The dilemma for the shipping industry presented in Decarbonising Shipping: All Hands On Deck report is the balance between the need for change and the cost of change. The report shows an industry ready to work together to make change. It proposes 12 practical solutions that balance the costs with the benefits of change.

The solutions span the short, medium and long term. They range from co-ordinating industry commitments, to increasing research and development across sectors, and expanding infrastructure to supply and store cleaner fuels. The 12th solution is one that applies to all stages, whether to existing assets or future ships, and that is operational efficiency.

The report presents the industry’s view that today’s fleet must be made more efficient at the same time as work on lower-carbon fuels, infrastructure and vessel design increases pace. Measures include improving the quality of fuels and lubricants, managing energy consumption better and increasing digitalisation. For instance, using data and smart navigation could reduce delays at ports and result in fewer ships left idling outside.

The Shell perspective

As an operator of a large fleet of tankers and a supplier of marine fuels, lubricants and services, Shell has a stake in the future of shipping. In 2019, Shell agreed a long-term deal to charter a fleet of 10 LNG dual-fuel Aframax crude oil tankers and long-term charters for eight new high technology LNG carriers that will be equipped with energy efficient technologies such as air lubrication and digital performance management to further reduce emissions. Grahaeme Henderson, Shell’s Vice President of Shipping and Maritime, said: “LNG is a cleaner-burning and lower-carbon fuel, so ship owners are increasingly using it to help achieve their environmental ambitions in a cost-effective way.”
 
Joris van Brussel, General Manager, Shell Marine, takes a broad approach: “We provide lubricant products and technical expertise. This helps our customers improve engine efficiency, reduce energy and lubricant consumption and lower their costs.” One example is the smart systems that monitor the performance of lubricants in engines while a vessel is at sea. Another uses machine learning to give customers live information on how their equipment is performing so they can intervene before a break-down.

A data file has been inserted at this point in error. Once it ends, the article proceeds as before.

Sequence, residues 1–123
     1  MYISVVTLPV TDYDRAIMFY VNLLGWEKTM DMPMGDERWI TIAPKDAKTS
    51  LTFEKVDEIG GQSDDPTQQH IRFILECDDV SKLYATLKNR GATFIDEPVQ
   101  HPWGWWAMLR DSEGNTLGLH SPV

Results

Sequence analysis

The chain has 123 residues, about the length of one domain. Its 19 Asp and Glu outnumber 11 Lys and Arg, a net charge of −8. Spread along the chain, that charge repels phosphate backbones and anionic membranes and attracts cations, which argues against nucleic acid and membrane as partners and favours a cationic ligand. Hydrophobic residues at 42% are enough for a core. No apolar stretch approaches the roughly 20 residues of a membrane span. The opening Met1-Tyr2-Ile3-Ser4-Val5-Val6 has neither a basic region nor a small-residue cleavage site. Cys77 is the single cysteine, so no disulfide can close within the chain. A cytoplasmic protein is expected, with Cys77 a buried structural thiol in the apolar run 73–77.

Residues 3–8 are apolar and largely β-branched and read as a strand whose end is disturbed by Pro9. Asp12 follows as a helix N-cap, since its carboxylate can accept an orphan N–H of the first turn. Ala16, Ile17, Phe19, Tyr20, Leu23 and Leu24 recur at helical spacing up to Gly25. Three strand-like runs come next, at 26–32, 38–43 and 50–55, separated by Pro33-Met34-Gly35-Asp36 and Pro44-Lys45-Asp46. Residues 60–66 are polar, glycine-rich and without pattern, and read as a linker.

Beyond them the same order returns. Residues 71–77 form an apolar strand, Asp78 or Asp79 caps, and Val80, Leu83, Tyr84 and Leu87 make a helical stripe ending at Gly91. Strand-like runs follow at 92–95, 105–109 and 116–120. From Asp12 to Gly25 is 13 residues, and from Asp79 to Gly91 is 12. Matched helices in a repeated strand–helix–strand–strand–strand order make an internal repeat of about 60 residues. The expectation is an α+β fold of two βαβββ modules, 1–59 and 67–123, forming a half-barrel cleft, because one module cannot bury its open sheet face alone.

One example is the smart systems that monitor the performance of lubricants in engines while a vessel is at sea. Another uses machine learning to give customers live information on how their equipment is performing so they can intervene before a break-down.

Shell is also working with the shipping group Maersk, the Port of Rotterdam and others, on Pronto, a platform aiming to make operations at Europe’s busiest port more efficient. These so-called “just-in-time” operations hinge on letting ships know in advance the best time for them to arrive, depending on factors such as space and the availability of pilots and tug boats. This allows a ship to adjust travelling speed and make its journey more efficient and to reduce the emissions it would have emitted waiting outside the port. Trials have shown this to reduce waiting times by around 20%.

FIND OUT MORE

Greenhouse gas emissions in shipping

Shipping emissions are expected to continue to grow, increasing the importance of addressing barriers to decarbonisation to reduce shipping emissions.

The dilemma of shipping

Shipping is vital to the global economy and never more so than during the global pandemic, keeping up the supply of essential goods.

Unleashing customer power

The scale of the challenge to cut carbon emissions in the shipping industry requires urgent action on many fronts and across the whole industry.

Decarbonising Shipping: All Hands on Deck

Read the latest report “Decarbonising Shipping: All Hands on Deck” which outlines industry perspectives on how to accelerate decarbonisation of the shipping sector.